Green Room – Film Review -76/100

Green Room is directed by Jeremy Saulnier (who also did the very good Blue Ruin) and follows a small time punk rock band who after witnessing a murder at a run down clubhouse for Nazi sympathizers in the arse end of nowhere are left trapped and forced to survive against a group of mentally unhinged skinheads.

If you have seen Blue Ruin (and you should) you will recognise Saulnier’s style right off the bat. There aren’t many location shots but what there is tons of is dank and dark mood with primary contrasting colours. The majority of the film is at the clubhouse and calling it a shit hole would be an insult to shit holes everywhere. Black graffiti stained hallways are as present as sofas that have been ripped to shreds by god knows what in that one bar that once held a rock night we swore we would never go back to.  The Aint Rights are the featured hardcore punker’s and also fit this grimy backwater setting to a tee. Their self-righteousness and purposeful anonymity from social media on the face of it is what carries the band from gig to gig, caring only slightly more if they get paid than if they have to siphon petrol from parked cars. You get the feeling that much of the bravado about selling out and listening to the ‘pure’ live music is to cover their insecurities of failing to make it big, as later on when playing ‘desert island discs’ their answers differ dramatically from those said in a radio interview. It is an interesting dynamic and is not really explored that fully and could have added some substance to our leading group.

Anton Yelchin (Star Trek) is a highlight as part of the band that is also made up of Alia Shawkat (Arrested Development), Joe Cole (Peaky Blinders) and Callum Turner (Victor Frankenstein). The rest go about being an unusual group trapped in an equally unusual situation as well as can be expected but stand out is clubhouse leader Patrick Stewart. His calm and passive voice in most situations would be comforting but here it only proves to be menacing and adds to ramp up the tension from what was already a pretty tense situation. His demenour on the face of it lends itself to being trustworthy but instead it is effective in luring those around him to not only do his bidding but to manipulate the siege that is taking place.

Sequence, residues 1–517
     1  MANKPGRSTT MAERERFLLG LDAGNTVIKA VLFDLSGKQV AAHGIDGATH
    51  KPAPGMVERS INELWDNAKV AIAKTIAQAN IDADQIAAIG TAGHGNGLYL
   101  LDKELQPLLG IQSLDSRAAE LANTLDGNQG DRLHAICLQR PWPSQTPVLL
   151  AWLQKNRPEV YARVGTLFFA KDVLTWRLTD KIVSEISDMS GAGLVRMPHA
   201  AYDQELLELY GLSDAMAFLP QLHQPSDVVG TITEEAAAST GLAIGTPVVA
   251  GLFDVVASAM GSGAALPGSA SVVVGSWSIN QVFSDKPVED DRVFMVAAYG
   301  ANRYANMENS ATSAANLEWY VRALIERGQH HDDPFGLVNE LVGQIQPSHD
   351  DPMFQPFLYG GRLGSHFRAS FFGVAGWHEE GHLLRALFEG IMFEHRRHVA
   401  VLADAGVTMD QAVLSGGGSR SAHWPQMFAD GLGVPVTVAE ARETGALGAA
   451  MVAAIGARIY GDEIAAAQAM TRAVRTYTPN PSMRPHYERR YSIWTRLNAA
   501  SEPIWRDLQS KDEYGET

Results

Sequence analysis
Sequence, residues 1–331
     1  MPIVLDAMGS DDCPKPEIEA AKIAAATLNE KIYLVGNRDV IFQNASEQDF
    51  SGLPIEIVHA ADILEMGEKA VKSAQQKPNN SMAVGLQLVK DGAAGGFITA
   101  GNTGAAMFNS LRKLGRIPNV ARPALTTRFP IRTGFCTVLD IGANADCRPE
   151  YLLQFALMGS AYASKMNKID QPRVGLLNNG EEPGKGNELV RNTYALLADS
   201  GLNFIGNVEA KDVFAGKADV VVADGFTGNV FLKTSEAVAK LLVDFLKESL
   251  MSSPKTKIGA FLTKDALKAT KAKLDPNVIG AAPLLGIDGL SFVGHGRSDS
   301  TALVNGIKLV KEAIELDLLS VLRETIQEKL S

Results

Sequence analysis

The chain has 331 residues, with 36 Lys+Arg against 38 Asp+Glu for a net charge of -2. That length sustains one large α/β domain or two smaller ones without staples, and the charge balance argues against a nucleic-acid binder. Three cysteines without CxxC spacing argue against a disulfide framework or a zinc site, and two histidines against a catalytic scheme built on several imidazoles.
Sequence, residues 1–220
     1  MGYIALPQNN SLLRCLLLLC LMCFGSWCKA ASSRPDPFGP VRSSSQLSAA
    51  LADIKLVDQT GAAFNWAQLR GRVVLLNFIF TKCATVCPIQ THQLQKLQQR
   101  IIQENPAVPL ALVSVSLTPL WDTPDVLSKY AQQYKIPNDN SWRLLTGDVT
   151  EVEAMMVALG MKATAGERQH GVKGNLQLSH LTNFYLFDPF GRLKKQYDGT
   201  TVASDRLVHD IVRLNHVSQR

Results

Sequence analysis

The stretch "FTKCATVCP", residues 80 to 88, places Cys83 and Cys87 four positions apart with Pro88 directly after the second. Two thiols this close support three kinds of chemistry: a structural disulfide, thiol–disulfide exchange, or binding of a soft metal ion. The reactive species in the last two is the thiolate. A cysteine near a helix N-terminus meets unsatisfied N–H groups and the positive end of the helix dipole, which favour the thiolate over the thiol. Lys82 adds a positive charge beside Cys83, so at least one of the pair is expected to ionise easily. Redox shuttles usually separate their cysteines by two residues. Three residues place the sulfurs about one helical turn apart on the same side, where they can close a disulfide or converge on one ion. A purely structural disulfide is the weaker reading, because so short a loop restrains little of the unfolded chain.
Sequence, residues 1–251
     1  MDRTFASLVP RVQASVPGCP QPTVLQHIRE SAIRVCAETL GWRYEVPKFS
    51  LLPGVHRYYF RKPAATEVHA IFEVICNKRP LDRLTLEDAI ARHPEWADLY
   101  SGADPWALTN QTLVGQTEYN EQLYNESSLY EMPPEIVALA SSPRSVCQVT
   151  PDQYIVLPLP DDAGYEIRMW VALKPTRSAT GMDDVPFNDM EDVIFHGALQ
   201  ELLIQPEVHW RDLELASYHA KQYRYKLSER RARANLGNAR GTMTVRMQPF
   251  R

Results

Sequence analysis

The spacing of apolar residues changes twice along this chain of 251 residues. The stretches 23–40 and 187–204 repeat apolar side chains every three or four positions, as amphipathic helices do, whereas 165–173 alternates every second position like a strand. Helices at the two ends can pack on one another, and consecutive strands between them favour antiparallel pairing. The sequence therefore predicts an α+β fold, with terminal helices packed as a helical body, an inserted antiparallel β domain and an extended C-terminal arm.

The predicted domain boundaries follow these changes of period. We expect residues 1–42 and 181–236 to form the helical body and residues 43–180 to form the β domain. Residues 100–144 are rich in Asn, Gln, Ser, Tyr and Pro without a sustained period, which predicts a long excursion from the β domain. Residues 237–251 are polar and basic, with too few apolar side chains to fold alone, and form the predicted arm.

Green Room is a psychological thriller first and a gore/horror in the vein of ‘Your Next’ second. The areas everyone has to deal with are compact and filled with presence be it physical or charasmatic. This is also followed with extremely well controlled, if not infrequent, gore. It is controlled in that the way that the fact something has happened is never really a surprise, but the brutal way it is portrayed is what is quite shocking. The lack of a score at times has en eerie effect on the scene that makes each slice, bite or gun shot have that much more of a messy effect on the viewer. Visually there is plenty to get involved with as the plot reveals itself and its editing is one of the stronger elements that draws the viewer in. The effects and make up crew get a shout out for how genuinly rank many of the wounds come off as being.

Though this story is very insular in nature there is not much information on our main characters to give insight into why they react the way they do. There are a couple of secondary character arcs shoved in but really only serve to move the plot forward at a brisk pace. The lack of depth to these characters doesn’t hinder Green Room the way it might other films as throughout the 90 or so minutes you are watching as you are mostly captivated from the first scene to the last. It is quite a testament to Saulnier’s film making that he can make this film as watchable as it was despite some of the characters making stupid decisions. It’s one of those things that infruriates as it can imply that the story is sloppily written as it forces the main characters to act in a certain way just to get to the third act. Saulnier has previously said this is a deliberate element of his storytelling and creates scenes where logic takes a back seat to primary instinct to tell a unique story, ultimately leaving it up to the viewer whether to be on board with it or not.


This psychological thriller is not as scary as much as it is disturbing in the way that you get this genuine feeling that this could happen to anyone in those circumstances. Thoroughly well made with the ever watchable Patrick Stewart featured it is a good 90 minute film that is quite off beat and its ability to get the pulse racing is worth the price of admission.



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